Something worth being upset about

I was going to make a point to not write anything about Blizzard for a week or two because I’ve talked a lot about WoW lately and other blogs have still not shut up about pandas. (No, they’re not talking about the expansion in general, just debating whether Pandaran are silly. You know who’s silly? People who are still frothing about pandas, on either side of the argument.) However, despite my intentions something has come up that cannot be ignored: the horrible Corpsegrinder video that was officially displayed at Blizzcon.

During the Level 90 Elite Tauren Chieftan (a band which features high-level Blizzard employees) show last Saturday, Blizzard chose to air a video featuring Corpsegrinder, the lead singer of Cannibal Corpse. In the video the singer goes on a tirade about how much he hates Alliance, including calling them “cocksuckers” and “faggots”. The words were bleeped, but it was clear to everyone what was being said and in what context the words were being used.

I cannot even begin to comprehend how or why anyone at Blizzard felt this was acceptable. Well, actually, that’s not true: sadly I can comprehend how this happened, and it involves a complete disconnect between Blizzard and their playerbase and a whole truckload of ugly privilege. The official “apology” makes that clear: they are not sorry for playing the video, they are sorry that we’re upset about it. It was a joke, man, and why can’t GLBT folks and their allies just relax already. Sheesh.

There have already been some wonderful posts about this and there’s not anything I can really add at this point except my outrage. There is already so much inherent casual homophobia, sexism, and racism in the gaming community that it breaks my heart to see a company come right out and literally disseminate slurs. It reeks of such a lack of respect for.. well, not only their players, but HUMAN BEINGS.

I cannot in good faith give this bunch of hurtful fratboys my money. Although I just restarted my account, it seems that two weeks later I find myself cancelling it again. Shame on you, Blizzard.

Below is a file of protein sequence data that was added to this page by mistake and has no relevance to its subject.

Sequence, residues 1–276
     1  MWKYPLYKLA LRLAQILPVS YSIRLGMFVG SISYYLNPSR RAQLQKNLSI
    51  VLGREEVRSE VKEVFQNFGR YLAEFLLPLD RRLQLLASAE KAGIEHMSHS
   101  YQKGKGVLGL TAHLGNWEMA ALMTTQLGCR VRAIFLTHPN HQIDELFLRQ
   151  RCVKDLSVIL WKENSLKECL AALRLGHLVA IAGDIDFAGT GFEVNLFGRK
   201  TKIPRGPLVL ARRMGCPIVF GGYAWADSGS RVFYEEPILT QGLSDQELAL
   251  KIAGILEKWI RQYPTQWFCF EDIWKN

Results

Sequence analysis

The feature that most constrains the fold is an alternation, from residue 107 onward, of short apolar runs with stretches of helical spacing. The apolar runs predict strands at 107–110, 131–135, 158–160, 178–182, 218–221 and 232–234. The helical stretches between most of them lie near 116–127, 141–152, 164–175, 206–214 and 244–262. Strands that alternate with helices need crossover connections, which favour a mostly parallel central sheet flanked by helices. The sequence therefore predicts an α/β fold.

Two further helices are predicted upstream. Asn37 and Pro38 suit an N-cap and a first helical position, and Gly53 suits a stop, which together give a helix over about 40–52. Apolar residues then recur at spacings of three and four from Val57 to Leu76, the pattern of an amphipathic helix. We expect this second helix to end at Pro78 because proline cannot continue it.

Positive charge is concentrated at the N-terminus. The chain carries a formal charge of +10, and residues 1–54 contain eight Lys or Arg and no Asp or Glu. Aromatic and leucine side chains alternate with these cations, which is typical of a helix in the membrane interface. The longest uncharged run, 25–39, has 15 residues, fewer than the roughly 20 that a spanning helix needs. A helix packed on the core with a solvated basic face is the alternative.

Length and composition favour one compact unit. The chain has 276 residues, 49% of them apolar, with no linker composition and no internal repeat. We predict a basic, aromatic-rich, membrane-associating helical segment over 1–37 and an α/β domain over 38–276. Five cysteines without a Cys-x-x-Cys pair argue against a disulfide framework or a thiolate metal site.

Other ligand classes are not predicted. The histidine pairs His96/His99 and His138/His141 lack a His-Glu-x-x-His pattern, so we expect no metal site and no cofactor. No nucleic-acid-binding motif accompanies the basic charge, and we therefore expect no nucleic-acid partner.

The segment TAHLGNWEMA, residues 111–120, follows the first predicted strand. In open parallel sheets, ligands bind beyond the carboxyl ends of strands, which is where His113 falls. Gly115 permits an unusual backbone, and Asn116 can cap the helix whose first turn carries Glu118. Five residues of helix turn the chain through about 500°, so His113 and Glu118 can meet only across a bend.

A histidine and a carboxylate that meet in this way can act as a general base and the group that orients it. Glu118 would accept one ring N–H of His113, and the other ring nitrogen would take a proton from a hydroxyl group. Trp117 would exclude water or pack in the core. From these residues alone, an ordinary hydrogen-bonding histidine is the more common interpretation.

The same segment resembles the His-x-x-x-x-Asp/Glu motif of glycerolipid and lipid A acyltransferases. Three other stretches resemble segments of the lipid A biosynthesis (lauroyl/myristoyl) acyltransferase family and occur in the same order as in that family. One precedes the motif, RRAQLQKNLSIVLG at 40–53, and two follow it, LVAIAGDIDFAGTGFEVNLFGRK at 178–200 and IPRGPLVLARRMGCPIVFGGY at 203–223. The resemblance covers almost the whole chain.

UPDATE: At 8pm Mike Morhaime, Blizzard’s President, released a much more sincere apology which you can read here.

.
For more information and posts that are far more eloquent than mine, please see:

Why aren’t you playing RIFT?

Huh? Huh!? Explain yourself!

That’s okay, I haven’t played it much lately myself despite the fact that I truly believe that RIFT is currently the best of WoW-inspired games, World of Warcraft itself included. So, if it’s the better game, and many of us played WoW and enjoyed it… why aren’t we all in RIFT right now?

Why should we be playing RIFT? Because, in my opinion, Trion releases content faster and better than WoW. Wardrobe tabs and armor dyes? RIFT has it. Chonicles are totally awesome 1-2 person instances based on 20-man raids that let experienced players gather badges for gear and “XP” for advancement points. There are huge sprawling questlines that run through 5-man groups and 20-man raids.

RIFT has dynamic invasions and rifts around the world. People don’t just sit in a main city waiting for a queue to pop — they’re in Iron Pine Peak running PvP rifts (yes! world pvp!) or Shimmersand running crafting rifts*. There are dynamic events every few months that offer new daily quests and rewards like gear, achievements, costumes, and pets.